Seventy-year-old Chua Kee Huat was due for his half-yearly consultation for rheumatoid arthritis at the National University Hospital (NUH) in March.
Instead, Mr Chua headed to Frontier Family Medicine Clinic in Clementi to do a blood test and collect his medication, as the consultation was rescheduled to this month because of the Covid-19 pandemic.
This shared care arrangement with his family physician, which allowed his care to continue, is not new, having started in 2014, said his specialist, Dr Anita Lim, a senior consultant at NUH's Division of Rheumatology.
The challenge has been to get patients to accept seeing someone other than their specialist, she added.
In Covid-19 times, though, it is an option for patients with stable chronic conditions, many of whom may not want to go to a hospital.
Ms Joanne Yap, executive director of the National University Health System's (NUHS) Regional Health System Office, said: "We have hope that the Covid-19 pandemic may drive changes in patient preferences for safety and convenience over choice of a specialist setting only.
"We intend to ride on the expediency of Covid-19 to expand the number of conditions managed through the shared care programme and to involve more specialists in NUHS-managed hospitals."
Ng Teng Fong General Hospital came on board the shared care programme at the end of last year, and Alexandra Hospital will start to enrol patients for the programme from this month, Ms Yap added.
"The clinic norm in the future is definitely increased shared care, staying nimble in the structure of the care plan without compromising patient care," she said.
Last year, NUHS enrolled 188 new shared programme cases, exceeding the set target of 170. This year, it has raised its target to 200, given its expansion plans ahead.
SingHealth has a similar shared care programme for patients with stable chronic conditions, though it currently does not have plans to ramp it up. Instead, it is busy with two other programmes that help to minimise hospital visits - telemedicine and community nursing service.
At Tan Tock Seng Hospital, its Community Right-Siting Programme provides patients with stable chronic conditions, such as atrial fibrillation or ischaemic heart disease, asthma or chronic obstructive pulmonary disease, and geriatric conditions, with a good care option that does not require unnecessary travel to the hospital during this period.
Since May, the programme has been expanded to include more patients from the hospital's specialist outpatient clinics, with more than 70 patients now under this expanded care model with general practitioners (GPs), said Adjunct Associate Professor David Foo, clinical director of the programme and a senior consultant at the hospital's cardiology department.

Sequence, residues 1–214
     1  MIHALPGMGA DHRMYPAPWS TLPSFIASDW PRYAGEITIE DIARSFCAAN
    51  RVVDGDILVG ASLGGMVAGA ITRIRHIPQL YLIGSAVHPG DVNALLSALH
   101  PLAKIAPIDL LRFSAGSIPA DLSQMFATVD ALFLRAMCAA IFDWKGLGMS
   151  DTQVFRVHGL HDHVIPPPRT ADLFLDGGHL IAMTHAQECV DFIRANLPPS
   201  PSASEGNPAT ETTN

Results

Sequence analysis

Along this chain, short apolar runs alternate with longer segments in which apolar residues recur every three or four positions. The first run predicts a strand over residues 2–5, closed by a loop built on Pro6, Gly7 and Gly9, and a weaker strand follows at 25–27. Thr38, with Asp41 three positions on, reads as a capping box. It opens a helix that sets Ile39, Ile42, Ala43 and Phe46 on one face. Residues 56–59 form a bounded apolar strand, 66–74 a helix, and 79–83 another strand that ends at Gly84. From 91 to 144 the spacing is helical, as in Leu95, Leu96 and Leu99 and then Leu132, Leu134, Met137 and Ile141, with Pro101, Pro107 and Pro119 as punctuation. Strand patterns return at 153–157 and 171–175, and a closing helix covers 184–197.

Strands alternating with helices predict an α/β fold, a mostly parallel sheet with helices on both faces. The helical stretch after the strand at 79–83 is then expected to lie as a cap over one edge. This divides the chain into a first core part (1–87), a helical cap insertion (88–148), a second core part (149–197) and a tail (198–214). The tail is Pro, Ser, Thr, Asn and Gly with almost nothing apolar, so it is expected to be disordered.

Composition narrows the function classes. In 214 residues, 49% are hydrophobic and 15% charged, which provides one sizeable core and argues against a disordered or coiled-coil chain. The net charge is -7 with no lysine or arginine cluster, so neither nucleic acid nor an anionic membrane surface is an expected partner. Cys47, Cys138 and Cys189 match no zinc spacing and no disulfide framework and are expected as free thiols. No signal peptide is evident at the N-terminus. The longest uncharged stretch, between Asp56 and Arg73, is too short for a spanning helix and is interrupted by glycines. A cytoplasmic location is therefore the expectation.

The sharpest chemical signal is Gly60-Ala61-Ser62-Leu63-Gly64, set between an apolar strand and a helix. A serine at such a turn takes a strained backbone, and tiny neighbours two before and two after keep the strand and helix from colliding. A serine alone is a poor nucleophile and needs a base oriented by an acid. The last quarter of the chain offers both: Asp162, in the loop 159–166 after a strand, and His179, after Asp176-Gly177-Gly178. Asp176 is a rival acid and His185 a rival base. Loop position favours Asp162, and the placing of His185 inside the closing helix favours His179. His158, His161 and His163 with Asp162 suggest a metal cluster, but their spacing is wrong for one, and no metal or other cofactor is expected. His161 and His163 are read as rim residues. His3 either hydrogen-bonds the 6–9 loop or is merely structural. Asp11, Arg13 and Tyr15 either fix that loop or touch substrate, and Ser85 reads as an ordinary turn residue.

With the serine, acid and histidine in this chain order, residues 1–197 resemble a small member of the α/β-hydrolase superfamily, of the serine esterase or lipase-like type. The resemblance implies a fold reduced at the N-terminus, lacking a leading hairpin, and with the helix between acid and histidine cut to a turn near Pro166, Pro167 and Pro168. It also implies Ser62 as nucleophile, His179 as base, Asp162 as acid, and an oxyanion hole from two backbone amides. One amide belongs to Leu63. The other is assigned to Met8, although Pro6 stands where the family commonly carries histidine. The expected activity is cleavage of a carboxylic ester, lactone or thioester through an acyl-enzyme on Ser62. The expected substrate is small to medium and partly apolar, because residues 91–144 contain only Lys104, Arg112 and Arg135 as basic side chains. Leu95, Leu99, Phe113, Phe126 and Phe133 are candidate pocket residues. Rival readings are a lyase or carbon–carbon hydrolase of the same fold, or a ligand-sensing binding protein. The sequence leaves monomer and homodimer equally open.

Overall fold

Under a shared care programme, the specialist can handle the more challenging aspects of the illness, while the family physician or GP will monitor the patient and manage his other medical problems.
Dr Kok Zi Yin, a family physician at Keat Hong Family Medicine, said: "Family physicians tend to manage patients from a 'broader' perspective.
"For instance, some patients have coexisting chronic conditions like hypertension, diabetes and/or hyperlipidemia. We tend to assess their control of these chronic conditions during the consultation too."
They may also advise patients on getting a flu vaccine, for example.
Also, in a shared care programme, the primary care doctors can fall back on specialist support.
Dr Kok said that challenges can arise when patients experience a change in or worsening of their conditions.
The family physician or GP may then need the specialist's advice in adjusting the patient's joints medication, for instance, and may thus refer the patient back to the specialist for an earlier assessment, she said.
But not all patients can be on a shared care programme. They "must have been stable for a period of time, hold a Community Health Assist Scheme card for subsidised care in a family clinic, and are confident that the family physician can manage their condition", she said.
As for Mr Chua, he has been alternating between visiting the hospital and clinic for several years since the programme began.
"NUH has its own lab, and I am able to get the results within a day. For Frontier, I've to go there twice as I get the results after two days," he said.
However, in view of the physical distancing required now, he was happy to visit the GP in March, and said that he will be very careful when he visits the hospital this month.
"I've anxiety, I don't want to get the coronavirus," he said.
Source: The Straits Times © Singapore Press Holdings Limited. Reproduced with permission.
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